Monday, July 23, 2007

An Interesting Coptic Resource

Coptic grammarian Bentley Layton has a new book, Coptic in 20 Lessons: Introduction to Sahidic Coptic With Exercises & Vocabularies (Peeters Leuven, 2007)

In this book on page 7, Layton diagrams Coptic John 1:1c literally as:

auw ne. u.noute pe p.Saje
And past tense marker- a-god is the-Word

He also provides the traditional English rendering "And the Word was God." But the traditional English rendering is at variance with the literal Coptic translation, which is clearly "And the Word was a god."

On page 34 of his grammar, Layton observes that Coptic ou.noute pe could signal adjectively "he is divine." But when referring to entities, the translation would be "he is a god."

Therefore, Coptic John 1:1c, auw ne.u.noute pe p.Saje can be rendered authoritatively as "the Word was a god," or "the Word was divine," "the Word was a divine being," or similar, since the Coptic construction here is indefinite.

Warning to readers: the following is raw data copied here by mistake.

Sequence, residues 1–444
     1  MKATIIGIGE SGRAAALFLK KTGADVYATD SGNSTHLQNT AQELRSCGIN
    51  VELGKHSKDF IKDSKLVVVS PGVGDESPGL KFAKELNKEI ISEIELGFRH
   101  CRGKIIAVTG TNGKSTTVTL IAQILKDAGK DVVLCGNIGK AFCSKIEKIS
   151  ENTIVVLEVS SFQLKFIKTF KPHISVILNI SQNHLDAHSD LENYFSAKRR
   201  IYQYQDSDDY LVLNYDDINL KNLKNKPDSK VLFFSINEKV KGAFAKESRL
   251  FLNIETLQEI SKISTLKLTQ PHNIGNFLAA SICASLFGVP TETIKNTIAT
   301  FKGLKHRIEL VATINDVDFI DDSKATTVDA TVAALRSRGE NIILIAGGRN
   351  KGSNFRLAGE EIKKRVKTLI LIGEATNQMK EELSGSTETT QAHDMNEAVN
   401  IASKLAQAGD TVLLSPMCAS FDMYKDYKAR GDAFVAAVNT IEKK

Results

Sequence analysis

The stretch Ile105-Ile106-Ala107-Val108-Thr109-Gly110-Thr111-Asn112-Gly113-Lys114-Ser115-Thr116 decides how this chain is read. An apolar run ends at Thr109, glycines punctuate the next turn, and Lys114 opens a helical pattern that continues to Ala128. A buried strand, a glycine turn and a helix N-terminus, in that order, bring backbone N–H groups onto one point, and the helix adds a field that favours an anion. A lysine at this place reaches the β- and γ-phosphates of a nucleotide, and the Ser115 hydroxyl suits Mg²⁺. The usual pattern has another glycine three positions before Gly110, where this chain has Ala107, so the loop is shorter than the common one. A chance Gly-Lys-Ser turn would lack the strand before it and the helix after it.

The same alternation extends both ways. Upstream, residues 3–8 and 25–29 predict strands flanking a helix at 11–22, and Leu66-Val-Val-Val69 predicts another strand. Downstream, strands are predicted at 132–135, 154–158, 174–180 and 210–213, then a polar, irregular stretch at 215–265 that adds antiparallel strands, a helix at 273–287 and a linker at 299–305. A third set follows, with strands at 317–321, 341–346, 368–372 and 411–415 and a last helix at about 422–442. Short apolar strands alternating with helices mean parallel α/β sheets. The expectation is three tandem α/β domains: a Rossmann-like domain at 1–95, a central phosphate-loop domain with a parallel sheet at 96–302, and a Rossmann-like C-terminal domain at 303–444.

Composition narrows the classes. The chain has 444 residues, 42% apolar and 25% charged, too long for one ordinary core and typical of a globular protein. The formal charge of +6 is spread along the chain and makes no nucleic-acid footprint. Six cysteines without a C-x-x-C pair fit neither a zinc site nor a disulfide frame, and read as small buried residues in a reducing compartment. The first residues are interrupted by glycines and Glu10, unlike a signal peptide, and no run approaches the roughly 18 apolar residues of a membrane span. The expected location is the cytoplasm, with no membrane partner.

For the same reason, the Coptic version does not support a definite rendering like "the Word was God," despite this being traditional.

Thursday, March 15, 2007

Trinitarian Apologists Still Muddying the Waters

Trinitarian apologists still try to duck and weave and obfuscate in their attempts to deny the clear evidence of the Sahidic (and Bohairic) Coptic translations of John 1:1c. Not being proficient in Coptic themselves, they have appealed to certain experts, but have resorted to a "pick and choose" tactic in presenting the conclusions of those experts.

When it is agreed that the Coptic of John 1:1c may be rendered in more than one way, the Trinitarian apologists try to ignore the obvious: the literal translation of Coptic John 1:1c is "and the Word was a god" (or, "the Word was a divine being.")

But they then drag their theological suppositions and 'may be's into the equation to plead for a "qualitative" reading, since they can by no means get a definite meaning out of Coptic John 1:1c. They cannot make it say "and the Word was God."

For example, one such apologist quotes Coptic scholar Dr. Choat in this manner: